So far, officials have not publicly challenged Obama’s interpretation of the 2008 law, even though officials are now telling migrants they have to take their children home with them. “All of these adults who left [the United States] without their kids, left based on a decision to leave their children,” Homeland Security secretary Kirstjen Nielsen said July 18 in an interview at the Aspen Security Forum. “So now we’re saying to them, ‘No, no, no, you have to take the children.’”

The numbers announced Monday are subsets of the 2,551 adults who were detained up to late June 27 by border agencies under President Donald Trump’s novel policy of enforcing border laws. The 2,551 migrants brought children aged five and older.  However, the limited space at family-detention centers and the pro-migrant decisions by two judges — including U.S. District Judge Dana Sabraw — are forcing officials to release all migrant children after 20 days and to release most migrant groups as they come over the border.

The agency’s Monday statement to Sabraw said that 900 of those 2,551 adults have been ordered home with “final orders of removal,” 217 migrants have been released from detention, 879 migrants have been allowed to reunify with their children while in federal detention centers, and 917 adults are  “either not, or not yet known to be eligible, for reunification.”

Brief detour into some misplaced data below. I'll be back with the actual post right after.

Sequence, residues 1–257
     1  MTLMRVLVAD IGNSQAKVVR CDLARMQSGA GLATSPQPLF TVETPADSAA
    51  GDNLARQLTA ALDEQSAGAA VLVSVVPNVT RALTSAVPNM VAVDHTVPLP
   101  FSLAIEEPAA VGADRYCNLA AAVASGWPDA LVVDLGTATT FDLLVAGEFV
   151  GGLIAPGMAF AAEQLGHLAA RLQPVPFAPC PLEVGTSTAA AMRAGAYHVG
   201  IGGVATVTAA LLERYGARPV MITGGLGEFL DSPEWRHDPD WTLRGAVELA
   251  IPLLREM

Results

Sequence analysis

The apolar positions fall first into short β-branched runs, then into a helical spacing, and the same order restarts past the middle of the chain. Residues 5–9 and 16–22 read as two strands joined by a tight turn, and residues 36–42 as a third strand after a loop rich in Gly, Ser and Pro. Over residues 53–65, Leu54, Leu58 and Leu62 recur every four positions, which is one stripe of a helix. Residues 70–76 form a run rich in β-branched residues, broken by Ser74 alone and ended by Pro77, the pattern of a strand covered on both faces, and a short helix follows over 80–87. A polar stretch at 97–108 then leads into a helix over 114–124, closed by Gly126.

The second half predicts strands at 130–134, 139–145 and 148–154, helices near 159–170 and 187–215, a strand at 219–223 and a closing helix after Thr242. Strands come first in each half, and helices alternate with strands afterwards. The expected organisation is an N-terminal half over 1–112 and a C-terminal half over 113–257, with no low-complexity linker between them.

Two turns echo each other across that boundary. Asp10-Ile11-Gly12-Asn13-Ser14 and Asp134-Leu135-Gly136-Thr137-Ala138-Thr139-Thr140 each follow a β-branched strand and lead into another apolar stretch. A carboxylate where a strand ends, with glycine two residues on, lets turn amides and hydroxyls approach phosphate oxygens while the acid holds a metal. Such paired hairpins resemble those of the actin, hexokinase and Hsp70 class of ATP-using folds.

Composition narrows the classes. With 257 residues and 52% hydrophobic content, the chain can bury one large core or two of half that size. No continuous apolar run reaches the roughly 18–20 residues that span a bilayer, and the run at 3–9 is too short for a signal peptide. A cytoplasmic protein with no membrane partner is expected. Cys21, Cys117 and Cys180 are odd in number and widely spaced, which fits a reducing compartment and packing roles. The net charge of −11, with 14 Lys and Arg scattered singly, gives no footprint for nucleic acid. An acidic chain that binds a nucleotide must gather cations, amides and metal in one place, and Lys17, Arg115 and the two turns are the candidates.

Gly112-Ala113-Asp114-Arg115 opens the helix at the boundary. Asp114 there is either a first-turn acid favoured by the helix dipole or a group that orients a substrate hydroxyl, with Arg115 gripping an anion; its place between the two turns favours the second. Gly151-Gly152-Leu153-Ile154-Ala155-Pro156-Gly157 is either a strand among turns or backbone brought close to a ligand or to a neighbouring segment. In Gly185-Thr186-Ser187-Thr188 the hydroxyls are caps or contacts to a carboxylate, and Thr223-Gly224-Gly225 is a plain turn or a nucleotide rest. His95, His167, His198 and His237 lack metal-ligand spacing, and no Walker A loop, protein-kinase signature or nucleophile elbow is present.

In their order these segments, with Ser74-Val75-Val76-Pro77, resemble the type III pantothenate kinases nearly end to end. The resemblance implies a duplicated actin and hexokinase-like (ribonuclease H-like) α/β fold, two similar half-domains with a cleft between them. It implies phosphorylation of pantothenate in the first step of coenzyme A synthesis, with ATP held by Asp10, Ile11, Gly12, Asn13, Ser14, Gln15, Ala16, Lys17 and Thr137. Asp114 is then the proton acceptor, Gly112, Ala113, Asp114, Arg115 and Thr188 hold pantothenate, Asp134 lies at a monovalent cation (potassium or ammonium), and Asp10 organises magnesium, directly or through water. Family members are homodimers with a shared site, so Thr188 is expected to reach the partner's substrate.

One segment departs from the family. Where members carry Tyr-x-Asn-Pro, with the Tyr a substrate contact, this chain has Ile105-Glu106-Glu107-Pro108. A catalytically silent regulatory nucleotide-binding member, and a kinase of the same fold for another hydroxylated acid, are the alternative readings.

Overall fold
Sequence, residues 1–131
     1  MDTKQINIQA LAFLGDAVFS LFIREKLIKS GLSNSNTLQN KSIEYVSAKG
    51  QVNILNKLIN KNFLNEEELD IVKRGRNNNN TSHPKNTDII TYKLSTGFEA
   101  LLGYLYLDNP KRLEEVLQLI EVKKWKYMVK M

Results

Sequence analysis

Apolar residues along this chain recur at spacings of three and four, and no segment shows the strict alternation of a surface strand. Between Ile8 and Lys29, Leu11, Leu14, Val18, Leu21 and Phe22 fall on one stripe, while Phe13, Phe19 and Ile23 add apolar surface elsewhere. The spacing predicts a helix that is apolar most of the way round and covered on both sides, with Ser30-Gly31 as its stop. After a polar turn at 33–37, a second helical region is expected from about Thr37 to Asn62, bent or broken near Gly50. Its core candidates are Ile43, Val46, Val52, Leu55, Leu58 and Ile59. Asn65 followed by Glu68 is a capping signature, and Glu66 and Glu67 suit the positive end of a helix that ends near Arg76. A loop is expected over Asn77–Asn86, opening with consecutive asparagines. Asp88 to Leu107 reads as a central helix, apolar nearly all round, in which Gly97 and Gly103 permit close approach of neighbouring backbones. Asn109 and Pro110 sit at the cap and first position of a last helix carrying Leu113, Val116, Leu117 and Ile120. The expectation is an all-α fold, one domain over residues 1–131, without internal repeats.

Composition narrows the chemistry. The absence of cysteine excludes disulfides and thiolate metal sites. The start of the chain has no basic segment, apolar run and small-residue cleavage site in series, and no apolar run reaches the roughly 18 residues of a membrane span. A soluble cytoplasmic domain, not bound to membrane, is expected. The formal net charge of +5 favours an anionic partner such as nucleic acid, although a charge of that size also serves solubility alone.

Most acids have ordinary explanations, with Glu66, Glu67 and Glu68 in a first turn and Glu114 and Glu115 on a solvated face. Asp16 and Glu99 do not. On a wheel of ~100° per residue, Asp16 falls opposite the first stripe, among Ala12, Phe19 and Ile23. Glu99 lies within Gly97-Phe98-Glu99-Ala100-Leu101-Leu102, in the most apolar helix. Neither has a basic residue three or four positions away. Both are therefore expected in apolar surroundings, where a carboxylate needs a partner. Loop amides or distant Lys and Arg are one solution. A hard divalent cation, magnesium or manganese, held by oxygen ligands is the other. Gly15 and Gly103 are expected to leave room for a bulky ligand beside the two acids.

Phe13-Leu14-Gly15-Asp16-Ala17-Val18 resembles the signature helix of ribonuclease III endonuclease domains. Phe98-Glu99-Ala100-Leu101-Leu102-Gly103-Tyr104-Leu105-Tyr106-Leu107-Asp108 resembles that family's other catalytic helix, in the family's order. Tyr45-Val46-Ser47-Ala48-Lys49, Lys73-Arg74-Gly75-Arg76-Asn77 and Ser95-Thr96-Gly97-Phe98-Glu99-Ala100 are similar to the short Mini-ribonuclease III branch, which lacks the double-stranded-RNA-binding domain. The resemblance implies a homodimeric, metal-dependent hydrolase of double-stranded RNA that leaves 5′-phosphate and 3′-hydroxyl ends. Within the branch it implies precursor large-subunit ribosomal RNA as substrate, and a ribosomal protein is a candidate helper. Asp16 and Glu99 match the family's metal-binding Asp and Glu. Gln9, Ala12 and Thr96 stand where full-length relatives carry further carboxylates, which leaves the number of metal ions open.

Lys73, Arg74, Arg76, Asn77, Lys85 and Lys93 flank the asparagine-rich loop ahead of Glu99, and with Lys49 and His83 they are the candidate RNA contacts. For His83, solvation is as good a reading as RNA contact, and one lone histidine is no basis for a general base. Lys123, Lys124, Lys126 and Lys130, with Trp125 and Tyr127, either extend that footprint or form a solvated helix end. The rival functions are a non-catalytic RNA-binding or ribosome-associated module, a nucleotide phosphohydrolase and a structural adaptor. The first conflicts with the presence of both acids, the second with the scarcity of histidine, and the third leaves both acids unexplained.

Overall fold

The legal memo says that 130 of the 2,551 parents “waived reunification” with their children, so leaving them in the United States. At least 12 deported adults in a prior group of 102 adults who carried children under four into the United States have also decided to leave their children behind.

In 463 cases, “case notes indicated adult is not in U.S., under review,” the statement says. This 463-strong group may include migrants who went home without formally waiving unification with their children.